After losing the toss and being sent in to bat, England rode on the back of Luke Wright’s fiery 99 not out off just 55 balls to post 196 for five, the highest score of the tournament thus far.
Afghanistan were in serious danger of making the lowest ever score in T20 internationals when they crashed to 26 for eight in reply, but Gulbodin Naib restored the pride of the gutsy minnows and entertained the sparse crowd as he belted 44 off 32 balls to lift Afghanistan to 80 all out.
Wright batted with tremendous power to batter eight fours and six sixes, leading the charge as England blazed 122 runs in the last 10 overs to surge to a massive total.
The pace of Shapoor Zadran caused England some early troubles, and he claimed the wicket of Craig Kieswetter, playing the ball onto his own stumps, for a duck to end the first over with a wicket-maiden.
But Wright and Alex Hales made sure England made full use of the last two overs of the powerplay, smashing 37 runs from them and England were 52 for one after six overs.
Even though England lost the wicket of Hales, for 31 off 27 balls, in the most unfortunate of ways as Karim Sadiq deflected Wright’s straight drive onto the non-striker’s stumps, it was obvious England were well set for a big total with Wright going strongly at the halfway mark on 38 not out off 26 balls and the world No 1 on 74 for two.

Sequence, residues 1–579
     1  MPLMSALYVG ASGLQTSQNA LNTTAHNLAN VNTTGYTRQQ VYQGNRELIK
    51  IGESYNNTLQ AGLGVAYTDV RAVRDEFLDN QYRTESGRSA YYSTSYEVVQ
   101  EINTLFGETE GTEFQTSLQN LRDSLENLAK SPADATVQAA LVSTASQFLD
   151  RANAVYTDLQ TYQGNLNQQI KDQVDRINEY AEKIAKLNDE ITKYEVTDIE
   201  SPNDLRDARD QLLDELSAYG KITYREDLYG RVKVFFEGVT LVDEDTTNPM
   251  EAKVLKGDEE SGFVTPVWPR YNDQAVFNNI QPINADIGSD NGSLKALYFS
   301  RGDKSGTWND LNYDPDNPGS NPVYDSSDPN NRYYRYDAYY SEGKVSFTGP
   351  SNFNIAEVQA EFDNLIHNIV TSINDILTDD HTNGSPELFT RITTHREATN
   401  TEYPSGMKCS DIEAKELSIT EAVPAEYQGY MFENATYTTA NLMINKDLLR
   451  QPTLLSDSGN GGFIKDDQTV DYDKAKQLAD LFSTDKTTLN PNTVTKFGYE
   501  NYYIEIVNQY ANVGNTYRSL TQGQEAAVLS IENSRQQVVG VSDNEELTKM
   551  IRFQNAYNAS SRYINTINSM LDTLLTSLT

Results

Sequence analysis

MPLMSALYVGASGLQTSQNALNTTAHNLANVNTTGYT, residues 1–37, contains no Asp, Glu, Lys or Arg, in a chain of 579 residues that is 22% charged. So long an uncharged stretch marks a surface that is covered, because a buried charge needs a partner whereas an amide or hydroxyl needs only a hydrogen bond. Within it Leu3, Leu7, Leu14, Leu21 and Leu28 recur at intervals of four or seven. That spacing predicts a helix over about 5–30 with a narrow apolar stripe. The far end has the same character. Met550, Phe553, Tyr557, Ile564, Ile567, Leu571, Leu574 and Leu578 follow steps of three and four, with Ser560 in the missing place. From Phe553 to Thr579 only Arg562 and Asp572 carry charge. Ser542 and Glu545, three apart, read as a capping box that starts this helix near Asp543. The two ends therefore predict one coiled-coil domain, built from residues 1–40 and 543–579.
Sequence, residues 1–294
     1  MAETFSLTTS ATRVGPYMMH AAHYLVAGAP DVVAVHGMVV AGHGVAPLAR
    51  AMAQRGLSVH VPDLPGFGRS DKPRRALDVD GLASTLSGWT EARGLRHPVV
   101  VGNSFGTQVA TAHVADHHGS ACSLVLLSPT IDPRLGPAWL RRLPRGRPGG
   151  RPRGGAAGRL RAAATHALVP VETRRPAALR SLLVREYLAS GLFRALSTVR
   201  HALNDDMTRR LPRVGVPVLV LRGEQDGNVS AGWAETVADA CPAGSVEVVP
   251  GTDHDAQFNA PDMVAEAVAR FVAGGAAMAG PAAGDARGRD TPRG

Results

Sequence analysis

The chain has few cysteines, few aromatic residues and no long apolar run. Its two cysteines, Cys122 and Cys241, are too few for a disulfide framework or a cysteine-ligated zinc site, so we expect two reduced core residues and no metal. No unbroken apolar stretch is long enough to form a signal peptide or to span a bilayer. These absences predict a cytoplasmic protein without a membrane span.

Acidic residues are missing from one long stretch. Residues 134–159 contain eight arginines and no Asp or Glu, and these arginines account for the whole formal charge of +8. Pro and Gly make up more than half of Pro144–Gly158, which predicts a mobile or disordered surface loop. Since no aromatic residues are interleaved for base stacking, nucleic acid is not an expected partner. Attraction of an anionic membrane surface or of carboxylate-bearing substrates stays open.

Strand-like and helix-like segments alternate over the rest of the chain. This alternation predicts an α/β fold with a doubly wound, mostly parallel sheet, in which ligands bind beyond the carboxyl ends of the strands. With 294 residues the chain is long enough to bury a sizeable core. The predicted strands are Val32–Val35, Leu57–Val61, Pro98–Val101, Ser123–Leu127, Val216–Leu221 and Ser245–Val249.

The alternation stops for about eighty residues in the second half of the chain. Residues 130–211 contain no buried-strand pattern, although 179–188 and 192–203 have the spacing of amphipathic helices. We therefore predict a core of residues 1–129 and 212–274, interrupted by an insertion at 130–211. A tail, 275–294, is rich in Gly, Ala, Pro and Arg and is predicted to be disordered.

Wright hit the off-spin of Mohammad Nabi for a six and two fours in the 16th over, Eoin Morgan also contributing a six as 22 runs came from the over.
Nabi had bowled his first two overs for 10 runs but finished with none for 46 in his four-over stint.
Wright’s marvellous ball-striking reached its peak in the penultimate over as he smashed the last three balls of Izatullah Dawlatzai’s over for six. The unfortunate seamer conceded 56 runs in three overs, the most expensive three-over spell in T20 international history.
Dawlatzai did, however, claim the wickets of Morgan, for 27 off 23 balls, and Jos Buttler, for 15 off seven.
There was also a useful cameo from Jonny Bairstow, who hit his first ball for six and ended with 12 off five balls.
Considering the carnage, Dawlat Zadran’s figures of one for 22 in four overs were remarkable and he prevented Wright from notching England’s first T20 international century by restricting him to just a couple of singles and two runs to midwicket off the last ball of the over.
England’s display with the ball was amazing as they reduced Afghanistan to 22 for five inside six overs.
Captain Stuart Broad claimed two early wickets and there was the run-out of Karim Sadiq for five as well, before the spinners, Samit Patel (3-0-6-2) and Graeme Swann (4-2-22-2), chipped in to reduce Afghanistan to a catastrophic 26 for eight after nine overs.
Gulbodin took it upon himself to save Afghanistan from unwanted history as he belted five fours and three sixes, but the yawning gap between the plucky good-news story of the competition and the defending champions was only too obvious.